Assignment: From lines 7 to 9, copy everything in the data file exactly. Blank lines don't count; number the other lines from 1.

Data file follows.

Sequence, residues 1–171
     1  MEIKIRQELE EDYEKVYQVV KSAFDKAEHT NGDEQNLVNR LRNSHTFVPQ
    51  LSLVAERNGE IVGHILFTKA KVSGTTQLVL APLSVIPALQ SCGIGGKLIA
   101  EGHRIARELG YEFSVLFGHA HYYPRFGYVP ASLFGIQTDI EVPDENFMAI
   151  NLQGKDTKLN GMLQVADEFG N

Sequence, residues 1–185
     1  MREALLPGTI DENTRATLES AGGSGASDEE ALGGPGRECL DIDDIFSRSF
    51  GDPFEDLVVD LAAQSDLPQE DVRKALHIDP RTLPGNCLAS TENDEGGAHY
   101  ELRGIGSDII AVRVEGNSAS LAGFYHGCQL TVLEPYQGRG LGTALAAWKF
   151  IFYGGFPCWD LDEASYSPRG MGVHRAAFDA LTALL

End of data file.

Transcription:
     1  MREALLPGTI DENTRATLES AGGSGASDEE ALGGPGRECL DIDDIFSRSF
    51  GDPFEDLVVD LAAQSDLPQE DVRKALHIDP RTLPGNCLAS TENDEGGAHY
   101  ELRGIGSDII AVRVEGNSAS LAGFYHGCQL TVLEPYQGRG LGTALAAWKF